edited by Elena Mustakova-Possardt, Mikhail Lyubansky, Michael Basseches, and Julie Oxenberg, New York: Springer, 2014, xxi + 289 pages, including references and index. Available through Springer and at Amazon.com

reviewed by Michael Penn

Toward a Socially Responsible Psychology for a Global Era, edited by Elena Mustakova-Possardt, Mikhail Lyubansky, Michael Basseches, and Julie Oxenberg, is sweeping in its scope, passionate in its tone, and audacious in its claims and objectives. It seeks to inspire the transformation of an entire discipline, and is at once a challenge to many of the most fundamental assumptions that stand at the foundation of western psychology and a summons to its contemporary architects to re-conceptualize both its methods and its mission. Referencing research and theory from a variety of disciplines—including public health, economics, human rights, psychiatry, and environmental studies, Mustakova-Possardt and her colleagues argue that the challenges and opportunities associated with globalization require a radical reconceptualization of psychology as a field if it ever hopes to be able to contribute to the resolution of the diverse range of social and mental health concerns that threaten humanity during this unique and challenging period in history. While some in the young discipline that it critiques will find this carefully reasoned, thoroughly researched work a timely and visionary contribution, others are apt to feel that what it advocates reaches far outside the scope of activity that defines the boundaries of psychological science.

Written at a time when the involvement of the American Psychological Association in the military’s “enhanced interrogation” program was not yet widely known, Toward a Socially Responsible Psychology for a Global Era was a kind of “canary in the coal mine” when, in 2014, it began to encourage a commitment among psychologists to the kind of research and practice that would enable the field to advance humanity’s best and noblest interests. The work is grounded in the conviction that “the most appropriate place for psychology to begin to re-constitute itself . . . is by focusing on the global agenda and action framework articulated in key global documents,” such as the Universal Declaration of Human Rights and the Earth Charter, as these documents, the authors write, have been “endorsed by the widest representation of the world community,” (ix) and provide the most appropriate ethical underpinnings and moral vision for a socially responsible psychology in a global era. Quoting the Earth Charter in its opening pages, the authors note,

We stand at a critical moment in Earth’s history, a time when humanity must choose its future. As the world becomes increasingly interdependent and fragile, the future at once holds great peril and great promise. To move forward, we must recognize that in the midst of a magnificent diversity of cultures and life forms we are one human family and one Earth community with a common destiny. (8)

In the book’s first chapter, written by Elena Mustakova-Possardt and Julie Oxenberg, we find the authors asking,

What would it mean for psychology as a discipline to reorganize itself in such a way as to help the global community recognize the oneness of our human family and actually begin to live as one Earth community? Through what mechanisms and processes can psychological work be synergistically brought together and integrated with the work of other disciplines, to effectively contribute solutions to the world’s most pressing problems? (8)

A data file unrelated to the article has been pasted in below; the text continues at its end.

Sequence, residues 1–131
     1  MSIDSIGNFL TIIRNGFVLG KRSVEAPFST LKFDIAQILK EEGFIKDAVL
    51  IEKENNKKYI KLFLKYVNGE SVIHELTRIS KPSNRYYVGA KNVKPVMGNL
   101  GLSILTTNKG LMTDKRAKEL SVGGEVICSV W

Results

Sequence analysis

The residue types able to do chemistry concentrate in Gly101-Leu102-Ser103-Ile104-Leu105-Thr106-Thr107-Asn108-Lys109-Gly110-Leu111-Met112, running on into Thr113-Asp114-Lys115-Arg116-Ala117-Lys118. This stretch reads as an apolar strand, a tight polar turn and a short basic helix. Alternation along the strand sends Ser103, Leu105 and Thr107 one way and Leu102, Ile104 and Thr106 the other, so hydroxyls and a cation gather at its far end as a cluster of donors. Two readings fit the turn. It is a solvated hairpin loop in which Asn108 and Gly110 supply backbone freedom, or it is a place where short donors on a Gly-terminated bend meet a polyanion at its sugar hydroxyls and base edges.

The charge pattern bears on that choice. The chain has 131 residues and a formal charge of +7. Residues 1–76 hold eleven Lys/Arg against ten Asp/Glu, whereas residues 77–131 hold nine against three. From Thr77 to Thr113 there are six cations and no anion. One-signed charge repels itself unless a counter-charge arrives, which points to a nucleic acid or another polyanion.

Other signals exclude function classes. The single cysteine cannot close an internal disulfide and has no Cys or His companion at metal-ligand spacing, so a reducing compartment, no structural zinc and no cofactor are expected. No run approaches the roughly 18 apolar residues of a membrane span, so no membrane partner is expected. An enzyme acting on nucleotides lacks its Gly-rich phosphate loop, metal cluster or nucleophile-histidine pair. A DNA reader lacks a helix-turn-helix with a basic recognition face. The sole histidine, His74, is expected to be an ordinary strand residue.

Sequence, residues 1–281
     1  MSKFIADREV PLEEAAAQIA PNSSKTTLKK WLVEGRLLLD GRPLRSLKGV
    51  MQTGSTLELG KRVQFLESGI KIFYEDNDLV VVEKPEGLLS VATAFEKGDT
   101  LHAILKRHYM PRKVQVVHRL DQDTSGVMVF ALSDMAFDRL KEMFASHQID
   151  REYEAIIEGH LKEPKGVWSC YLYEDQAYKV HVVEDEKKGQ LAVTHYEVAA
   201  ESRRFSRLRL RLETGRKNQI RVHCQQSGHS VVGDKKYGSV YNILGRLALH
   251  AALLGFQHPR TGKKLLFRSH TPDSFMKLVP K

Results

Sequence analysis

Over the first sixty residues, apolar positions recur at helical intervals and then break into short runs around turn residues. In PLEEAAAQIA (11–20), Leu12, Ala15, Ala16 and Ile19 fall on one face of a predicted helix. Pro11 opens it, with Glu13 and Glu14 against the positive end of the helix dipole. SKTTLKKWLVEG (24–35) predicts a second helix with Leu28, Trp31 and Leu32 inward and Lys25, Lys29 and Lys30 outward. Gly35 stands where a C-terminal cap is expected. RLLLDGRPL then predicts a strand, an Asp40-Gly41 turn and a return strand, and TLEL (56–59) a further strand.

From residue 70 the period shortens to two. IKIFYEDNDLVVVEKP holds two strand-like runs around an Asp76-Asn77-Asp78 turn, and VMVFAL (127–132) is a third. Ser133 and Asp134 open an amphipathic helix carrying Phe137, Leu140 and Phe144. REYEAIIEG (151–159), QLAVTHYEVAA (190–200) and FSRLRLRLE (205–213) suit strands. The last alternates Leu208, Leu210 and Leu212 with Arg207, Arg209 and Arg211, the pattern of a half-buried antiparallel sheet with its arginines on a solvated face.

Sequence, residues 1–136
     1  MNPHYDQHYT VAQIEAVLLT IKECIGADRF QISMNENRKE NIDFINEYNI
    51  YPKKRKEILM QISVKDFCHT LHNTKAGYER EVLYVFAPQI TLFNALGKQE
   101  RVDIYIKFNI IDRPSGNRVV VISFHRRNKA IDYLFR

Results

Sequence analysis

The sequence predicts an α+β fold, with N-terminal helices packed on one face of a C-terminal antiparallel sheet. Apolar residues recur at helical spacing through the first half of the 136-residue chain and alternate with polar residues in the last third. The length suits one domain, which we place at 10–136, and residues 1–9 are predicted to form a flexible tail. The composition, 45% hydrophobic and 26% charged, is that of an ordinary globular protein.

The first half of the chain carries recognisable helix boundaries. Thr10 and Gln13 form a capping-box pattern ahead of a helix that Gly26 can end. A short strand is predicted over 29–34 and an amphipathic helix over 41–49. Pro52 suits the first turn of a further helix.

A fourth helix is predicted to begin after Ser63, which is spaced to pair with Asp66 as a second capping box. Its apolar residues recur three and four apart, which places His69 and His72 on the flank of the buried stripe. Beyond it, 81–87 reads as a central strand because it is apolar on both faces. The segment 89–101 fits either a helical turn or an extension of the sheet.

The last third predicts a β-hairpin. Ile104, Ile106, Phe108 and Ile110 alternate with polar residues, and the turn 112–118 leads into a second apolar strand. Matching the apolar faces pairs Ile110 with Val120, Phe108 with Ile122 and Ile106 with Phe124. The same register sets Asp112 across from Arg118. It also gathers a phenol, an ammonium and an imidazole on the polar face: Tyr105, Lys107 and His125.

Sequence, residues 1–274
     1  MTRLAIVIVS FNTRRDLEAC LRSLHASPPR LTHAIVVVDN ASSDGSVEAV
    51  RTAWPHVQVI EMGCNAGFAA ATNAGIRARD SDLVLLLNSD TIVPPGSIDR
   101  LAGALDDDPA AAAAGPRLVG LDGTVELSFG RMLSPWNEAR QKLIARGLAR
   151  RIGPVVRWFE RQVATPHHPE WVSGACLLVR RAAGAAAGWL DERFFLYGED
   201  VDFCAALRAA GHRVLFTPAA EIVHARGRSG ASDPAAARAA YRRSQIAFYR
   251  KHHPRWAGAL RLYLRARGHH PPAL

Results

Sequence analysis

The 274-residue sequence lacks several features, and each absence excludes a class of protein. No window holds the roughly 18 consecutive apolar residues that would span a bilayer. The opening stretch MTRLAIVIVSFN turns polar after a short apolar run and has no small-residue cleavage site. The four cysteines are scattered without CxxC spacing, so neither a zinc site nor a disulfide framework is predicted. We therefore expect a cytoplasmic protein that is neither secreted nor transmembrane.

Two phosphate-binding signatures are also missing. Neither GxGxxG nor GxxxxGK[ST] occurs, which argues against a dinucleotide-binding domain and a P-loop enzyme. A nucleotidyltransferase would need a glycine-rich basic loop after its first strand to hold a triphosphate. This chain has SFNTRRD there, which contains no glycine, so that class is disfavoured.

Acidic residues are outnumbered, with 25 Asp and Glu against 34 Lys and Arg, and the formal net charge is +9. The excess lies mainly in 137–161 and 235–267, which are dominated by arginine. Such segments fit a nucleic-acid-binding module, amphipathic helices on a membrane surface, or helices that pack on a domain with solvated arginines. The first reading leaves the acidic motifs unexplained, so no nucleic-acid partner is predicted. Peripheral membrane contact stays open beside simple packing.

They go on to explore the ethical principles and moral aspirations that are at the heart of the Earth Charter and examine the relevance of these principles and aspirations for the work of psychologists. At the outset the reader cannot help but note that the book will tackle big problems and will do so by invoking a variety of principles that are in tension with the values that appear to guide the study and practice of psychology in much of the western world.

A fundamental assumption of the volume, for example, is that psychologists ought to be concerned—perhaps even principally concerned—with advancing the common good. Yet, having been both a researcher and practitioner in this field for more than twenty-five years, it seems to me that psychology, as a discipline, thinks of itself in much the same way that physicists think of their work. That is, most psychologists do not consider themselves social activists; rather, they see themselves as men and women of science whose primary purpose is to understand the laws and principles that undergird the behavior of conscious animals—whether human or otherwise—and to apply those laws and principles, where possible, to shaping the behavior of individuals and groups in directions that those individuals and groups define as favorable. In other words, unlike some of its sister disciplines—such as sociology and public health—which have been more committed to what is sometimes called “social action research,” psychology has not tended to see itself as engaged in processes designed to improve the social, political, or economic context within which people live and come of age.

Indeed, as the authors of the second chapter correctly note, most of the values and assumptions that are at the foundation of the current social order in the West—individualism, materialism, contingent worth and meritocracy, value neutrality, and uncritical alignment with the status quo—are precisely the same values that have shaped the research and practice of the majority of psychologists, as well as the policies and interests of the two professional organizations (APA and APS) that represent the discipline. Commenting on the problems that result from such an alignment, the authors provide a range of thoughtful examples. They note, for example, that in the practice of psychology, as well as in its published literature,